As the main focus of Virtual Reality is on simulating the vision, you will have to wear a VR headset such as Oculus Quest or HTC Vive Cosmos in front of your eyes that eliminates any interaction with the natural world (avoids distractions). Typically, two autofocus lenses are placed between the screen and the user’s eyes. The lenses adjust based on the individual eye movement and positioning. To render the visuals on the screen, you can use an HDMI cable connected to the PC or mobile phone.

Virtual Reality uses speakers, goggles, and even handheld wearables to simulate a real-world experience. You can also employ visual, audio, and touch simulation to create a more immersive reality.

A few real-life applications of VR

1. VR in Education

Virtual Reality can make learning more engaging and immersive. In addition to schools and universities, virtual experiences can help businesses train their staff. Currently, Unimersiv is offering VR educational content for institutions and companies.

Case Study: Using 360-degree VR simulations, the University of North Carolina offers an immersive campus touring experience to aspiring students. Download now

2. VR in Real Estate

For years, real estate agents have used photos and graphic designs to showcase properties to prospective buyers. Today, Virtual Reality has transformed real estate property tours, making them more personalized, immersive, and close to reality. Being an immersive technology, VR enables potential buyers to experience a 3D walkthrough and understand better what each property has to offer even before scheduling a physical site visit.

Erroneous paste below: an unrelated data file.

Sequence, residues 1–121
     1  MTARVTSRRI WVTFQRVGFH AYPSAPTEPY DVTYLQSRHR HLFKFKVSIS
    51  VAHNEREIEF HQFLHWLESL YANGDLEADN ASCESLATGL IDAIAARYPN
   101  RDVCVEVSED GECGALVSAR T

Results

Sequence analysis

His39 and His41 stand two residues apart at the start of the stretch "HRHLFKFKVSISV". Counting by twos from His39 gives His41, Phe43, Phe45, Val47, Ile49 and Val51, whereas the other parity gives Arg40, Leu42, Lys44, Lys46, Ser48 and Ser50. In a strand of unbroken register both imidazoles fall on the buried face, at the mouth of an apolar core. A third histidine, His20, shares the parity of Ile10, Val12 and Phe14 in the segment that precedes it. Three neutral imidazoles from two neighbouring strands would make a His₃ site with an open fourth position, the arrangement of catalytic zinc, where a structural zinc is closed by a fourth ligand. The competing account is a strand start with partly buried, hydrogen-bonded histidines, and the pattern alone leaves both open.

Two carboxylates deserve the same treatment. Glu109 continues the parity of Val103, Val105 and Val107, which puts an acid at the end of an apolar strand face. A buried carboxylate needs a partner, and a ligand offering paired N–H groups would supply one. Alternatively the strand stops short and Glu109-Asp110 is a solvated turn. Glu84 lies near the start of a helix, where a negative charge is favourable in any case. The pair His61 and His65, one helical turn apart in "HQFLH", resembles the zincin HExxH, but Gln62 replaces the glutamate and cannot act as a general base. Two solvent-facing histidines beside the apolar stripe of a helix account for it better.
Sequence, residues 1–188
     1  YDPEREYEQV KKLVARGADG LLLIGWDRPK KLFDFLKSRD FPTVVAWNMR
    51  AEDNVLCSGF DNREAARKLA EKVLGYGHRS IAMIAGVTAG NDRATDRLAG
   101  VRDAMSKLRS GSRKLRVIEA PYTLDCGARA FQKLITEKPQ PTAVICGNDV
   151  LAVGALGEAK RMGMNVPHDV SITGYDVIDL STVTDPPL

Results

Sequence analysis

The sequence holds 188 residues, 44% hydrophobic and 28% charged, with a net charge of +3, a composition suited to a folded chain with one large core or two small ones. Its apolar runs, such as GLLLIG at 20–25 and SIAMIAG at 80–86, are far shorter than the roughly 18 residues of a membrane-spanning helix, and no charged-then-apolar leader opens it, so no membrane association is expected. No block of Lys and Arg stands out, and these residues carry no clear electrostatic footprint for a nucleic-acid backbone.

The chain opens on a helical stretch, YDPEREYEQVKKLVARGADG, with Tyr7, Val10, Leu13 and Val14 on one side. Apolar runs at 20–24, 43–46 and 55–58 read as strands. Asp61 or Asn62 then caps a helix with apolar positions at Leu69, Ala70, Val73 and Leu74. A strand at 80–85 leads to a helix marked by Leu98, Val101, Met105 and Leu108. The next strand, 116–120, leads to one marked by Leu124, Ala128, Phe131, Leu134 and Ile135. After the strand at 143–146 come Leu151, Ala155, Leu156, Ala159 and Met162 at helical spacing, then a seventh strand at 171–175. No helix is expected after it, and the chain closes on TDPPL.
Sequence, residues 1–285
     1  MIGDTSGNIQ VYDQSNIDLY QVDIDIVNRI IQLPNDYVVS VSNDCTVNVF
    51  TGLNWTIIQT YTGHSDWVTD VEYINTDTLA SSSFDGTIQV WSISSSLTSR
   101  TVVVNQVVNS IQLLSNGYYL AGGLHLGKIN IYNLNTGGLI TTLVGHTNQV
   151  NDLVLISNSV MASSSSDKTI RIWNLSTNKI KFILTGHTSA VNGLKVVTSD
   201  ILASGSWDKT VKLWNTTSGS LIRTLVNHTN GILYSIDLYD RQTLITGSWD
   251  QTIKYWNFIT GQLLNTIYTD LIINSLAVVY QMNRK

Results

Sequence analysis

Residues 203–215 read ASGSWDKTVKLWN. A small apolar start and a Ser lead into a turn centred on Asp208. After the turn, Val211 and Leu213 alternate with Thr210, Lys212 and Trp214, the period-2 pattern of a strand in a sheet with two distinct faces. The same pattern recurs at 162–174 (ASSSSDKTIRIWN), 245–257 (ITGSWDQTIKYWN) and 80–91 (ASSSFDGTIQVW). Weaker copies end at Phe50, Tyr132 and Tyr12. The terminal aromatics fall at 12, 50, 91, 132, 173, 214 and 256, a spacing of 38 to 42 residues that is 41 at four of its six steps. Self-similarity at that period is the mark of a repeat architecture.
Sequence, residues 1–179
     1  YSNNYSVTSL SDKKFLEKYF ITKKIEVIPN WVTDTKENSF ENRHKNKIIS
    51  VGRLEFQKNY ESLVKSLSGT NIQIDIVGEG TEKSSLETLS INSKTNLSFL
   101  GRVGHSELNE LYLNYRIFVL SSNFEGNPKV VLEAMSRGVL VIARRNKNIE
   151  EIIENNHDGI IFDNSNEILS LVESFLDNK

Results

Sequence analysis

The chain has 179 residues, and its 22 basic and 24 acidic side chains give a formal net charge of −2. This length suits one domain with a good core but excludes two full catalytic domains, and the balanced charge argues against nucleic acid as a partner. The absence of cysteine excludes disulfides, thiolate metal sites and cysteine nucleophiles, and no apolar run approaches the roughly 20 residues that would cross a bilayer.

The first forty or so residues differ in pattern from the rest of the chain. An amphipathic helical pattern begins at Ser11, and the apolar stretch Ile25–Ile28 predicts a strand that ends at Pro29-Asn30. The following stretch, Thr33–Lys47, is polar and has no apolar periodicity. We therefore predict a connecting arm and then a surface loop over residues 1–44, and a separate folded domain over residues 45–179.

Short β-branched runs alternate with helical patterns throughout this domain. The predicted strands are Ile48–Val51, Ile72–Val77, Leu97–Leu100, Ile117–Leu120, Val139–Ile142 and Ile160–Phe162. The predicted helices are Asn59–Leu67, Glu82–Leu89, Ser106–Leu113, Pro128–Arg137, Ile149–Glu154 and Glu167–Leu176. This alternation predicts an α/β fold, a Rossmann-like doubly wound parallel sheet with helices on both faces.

For example, Sotheby’s, one of the world’s leading luxury realty brands, offers Virtual Reality home tours and videos to its clients. Potential buyers can view properties and spaces from the comfort of their homes using a web browser, or a smartphone, PC, laptop, or through a wearable headset.

Read more:How Virtual Reality can Transform Your Real Estate Business

Virtual Reality

3. VR in Marketing

VR is helping businesses reach out to their audiences by launching immersive and engaging marketing campaigns. With the COVID-19 pandemic compelling people to shop online and companies to transform digitally, Virtual Reality is gaining more popularity as it is helping people get a feel for products without leaving their homes.

For example, IKEA has introduced a VR app that enables users to experience kitchen remodeling. Using the VR Kitchen app, you can explore the virtual kitchen and interact with the objects using a VR headset.

4. VR in Healthcare

Virtual Reality helps doctors understand their patients’ needs better as it provides an in-depth look into human anatomy. Today, VR is extensively used in surgical training.

An educational project conducted by the University of New England (UNE) successfully used VR to teach empathy to medical and health profession students. The project used a VR tool called “Alfred Lab app” – to teach students about macular degeneration and hearing loss from a 74-year-old African American man’s perspective. Realizing an aged and ailing patient’s thoughts and concerns enables the residents to develop empathy towards such patients.

Read more: How Virtual Reality Improves the Standard of Medical Education and Training

Virtual Reality

5. VR in Travel and Hospitality